ADEAR, the Alzheimer's Disease Education & Referral Center, provides current, comprehensive, and unbiased information about Alzheimers Disease (AD) including its causes, treatment, cures, and diagnostic tools. This site is targeted primarily for the consumer although the information is appropriate for students in health care disciplines and healthcare workers. Links to news, research, and caregiving make this site useful as an introduction to the disease. ADEAR is a service of the National Institute on Aging; the web site is available in English and Spanish.
The major learning goals, though not stated are:
- facilitate understanding of the causes, treatments, and prognosis of AD - provide practical advice for working with AD patients and their families - maintain awareness of research findings regarding causes, treatments, and cures
Target Student Population:
The targeted population could be students who are researching for a paper, caregivers who are in need of information, patients, who are looking for clinical trials and the general public who are in need of information. In addition, high school and college students, regardless of health science background, could use this site.
Prerequisite Knowledge or Skills:
No prerequisite skills are required, however some understanding of medical terminology might be helpful.
Type of Material:
Reference material primarily in text format.
Use this site to find current, comprehensive Alzheimer's disease (AD) information and resources from the U.S. Government's National Institute on Aging (NIA). Although the information provided on the site is very good for current information about AD, the links from the site to online databases and other web sites are outstanding. This site could be assigned as a starting point for students not only for them to learn more about the disease, but to see the broad range of information topics that are key to understanding the disease.Caregivers are given a link to attend to the needs of this group. Faculty could use the images provided to enhance a lecture.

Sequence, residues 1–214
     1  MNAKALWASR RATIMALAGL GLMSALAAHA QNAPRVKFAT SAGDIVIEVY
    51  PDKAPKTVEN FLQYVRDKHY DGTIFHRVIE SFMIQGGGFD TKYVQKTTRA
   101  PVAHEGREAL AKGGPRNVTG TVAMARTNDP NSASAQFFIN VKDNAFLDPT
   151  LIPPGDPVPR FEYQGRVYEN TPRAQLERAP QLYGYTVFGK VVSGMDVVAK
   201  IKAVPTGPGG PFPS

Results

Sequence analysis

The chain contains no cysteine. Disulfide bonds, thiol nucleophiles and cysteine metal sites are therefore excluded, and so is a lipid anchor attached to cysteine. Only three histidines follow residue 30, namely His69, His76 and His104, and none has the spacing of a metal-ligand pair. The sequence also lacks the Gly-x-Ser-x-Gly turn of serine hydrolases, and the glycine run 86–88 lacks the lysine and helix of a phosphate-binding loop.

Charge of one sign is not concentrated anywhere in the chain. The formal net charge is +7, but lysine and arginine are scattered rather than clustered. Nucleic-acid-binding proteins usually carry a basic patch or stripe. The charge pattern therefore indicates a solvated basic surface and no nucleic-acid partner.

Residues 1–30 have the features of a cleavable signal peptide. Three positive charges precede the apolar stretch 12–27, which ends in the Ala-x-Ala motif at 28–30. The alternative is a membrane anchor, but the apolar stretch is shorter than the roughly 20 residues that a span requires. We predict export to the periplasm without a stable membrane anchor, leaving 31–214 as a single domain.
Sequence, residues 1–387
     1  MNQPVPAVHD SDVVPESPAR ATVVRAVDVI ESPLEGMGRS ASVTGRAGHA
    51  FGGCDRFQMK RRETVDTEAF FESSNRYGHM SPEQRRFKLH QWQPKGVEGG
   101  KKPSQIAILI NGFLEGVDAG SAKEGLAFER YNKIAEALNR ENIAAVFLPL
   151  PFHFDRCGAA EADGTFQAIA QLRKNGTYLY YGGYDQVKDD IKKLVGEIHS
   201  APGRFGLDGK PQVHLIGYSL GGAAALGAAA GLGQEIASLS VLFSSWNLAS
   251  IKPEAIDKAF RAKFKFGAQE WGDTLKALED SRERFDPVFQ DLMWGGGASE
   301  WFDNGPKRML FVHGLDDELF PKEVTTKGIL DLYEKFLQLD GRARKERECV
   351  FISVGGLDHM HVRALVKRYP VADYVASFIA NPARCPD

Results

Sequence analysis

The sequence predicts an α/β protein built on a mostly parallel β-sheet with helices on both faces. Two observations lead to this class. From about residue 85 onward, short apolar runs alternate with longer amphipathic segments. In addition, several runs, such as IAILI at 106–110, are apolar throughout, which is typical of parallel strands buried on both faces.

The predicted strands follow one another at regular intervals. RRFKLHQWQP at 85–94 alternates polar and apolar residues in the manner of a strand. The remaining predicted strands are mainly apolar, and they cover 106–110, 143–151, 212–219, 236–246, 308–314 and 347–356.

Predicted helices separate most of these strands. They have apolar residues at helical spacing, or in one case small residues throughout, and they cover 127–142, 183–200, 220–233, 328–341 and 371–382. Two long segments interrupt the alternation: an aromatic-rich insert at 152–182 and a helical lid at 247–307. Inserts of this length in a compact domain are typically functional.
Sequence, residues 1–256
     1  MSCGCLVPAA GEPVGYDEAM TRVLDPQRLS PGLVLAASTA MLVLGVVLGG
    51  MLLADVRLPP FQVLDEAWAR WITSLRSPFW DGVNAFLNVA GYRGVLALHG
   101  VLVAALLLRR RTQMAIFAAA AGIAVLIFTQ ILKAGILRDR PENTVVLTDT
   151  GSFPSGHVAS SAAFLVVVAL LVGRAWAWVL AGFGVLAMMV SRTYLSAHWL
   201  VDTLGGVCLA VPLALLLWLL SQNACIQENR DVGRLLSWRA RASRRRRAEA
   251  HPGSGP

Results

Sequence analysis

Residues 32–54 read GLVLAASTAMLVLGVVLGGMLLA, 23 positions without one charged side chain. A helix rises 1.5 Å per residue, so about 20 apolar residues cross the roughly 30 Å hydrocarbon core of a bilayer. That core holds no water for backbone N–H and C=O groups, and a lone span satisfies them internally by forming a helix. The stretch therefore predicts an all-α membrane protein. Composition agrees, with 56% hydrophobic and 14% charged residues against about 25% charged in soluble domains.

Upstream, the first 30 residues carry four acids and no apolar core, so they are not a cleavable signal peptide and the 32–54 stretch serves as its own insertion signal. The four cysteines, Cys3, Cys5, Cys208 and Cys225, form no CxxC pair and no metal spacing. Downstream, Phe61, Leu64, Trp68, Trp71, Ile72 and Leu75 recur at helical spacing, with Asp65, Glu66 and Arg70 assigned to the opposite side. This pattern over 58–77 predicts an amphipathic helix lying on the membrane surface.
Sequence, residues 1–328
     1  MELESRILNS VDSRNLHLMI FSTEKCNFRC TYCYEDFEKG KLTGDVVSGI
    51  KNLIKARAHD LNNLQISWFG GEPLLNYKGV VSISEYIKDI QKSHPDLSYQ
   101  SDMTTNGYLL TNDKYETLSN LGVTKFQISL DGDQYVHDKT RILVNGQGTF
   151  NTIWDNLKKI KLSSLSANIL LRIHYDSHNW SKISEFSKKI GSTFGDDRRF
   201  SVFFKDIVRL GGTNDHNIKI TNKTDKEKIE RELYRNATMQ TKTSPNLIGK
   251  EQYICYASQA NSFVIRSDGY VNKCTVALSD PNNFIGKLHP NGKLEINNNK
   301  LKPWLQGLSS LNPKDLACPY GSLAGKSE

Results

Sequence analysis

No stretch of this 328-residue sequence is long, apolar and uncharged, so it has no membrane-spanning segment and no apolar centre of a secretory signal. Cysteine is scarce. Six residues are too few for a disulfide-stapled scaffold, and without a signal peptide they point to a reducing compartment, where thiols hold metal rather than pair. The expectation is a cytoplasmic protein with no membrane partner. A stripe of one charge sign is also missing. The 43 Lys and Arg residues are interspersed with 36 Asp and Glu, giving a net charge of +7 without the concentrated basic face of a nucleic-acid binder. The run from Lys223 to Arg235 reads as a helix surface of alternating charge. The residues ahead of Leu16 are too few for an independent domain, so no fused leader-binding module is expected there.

A 2-minute captioned video requires RealPlayer to view; a link to the free download is provided.
Evaluation and Observation
Information is current and unbiased; because this is part of the NIA, all info has been researched and reviewed for accuracy and integrity, and ease of reading. The variety of resources linked from this site make tailoring its use for teaching easy.The link to the research news is up to date, including an article cited from February,2005.
Potential Effectiveness as a Teaching Tool
The sites organization lends itself to preparing students for observing and/or working with AD patients and families. The Home/Family link is particularly rich in practical information about caring for someone with the disease. The short video is very good for helping the learner understand a little of how the brain works.
There is little interactivity or visual stimulation in terms of the user connecting with the content through more than just reading the pages. This certainly doesnt diminish its value, but may not be as effective a learning object as one that provides more visual and kinesthetic activity.
Ease of Use for Both Students and Faculty
Information will be given in an alternative format for users with web accessibility needs upon request. The video explaining the progression of AD includes audio and text captions should give no problems unless the learner is using a dial-up connection.
Users with a dial-up connection may have difficulty with the video.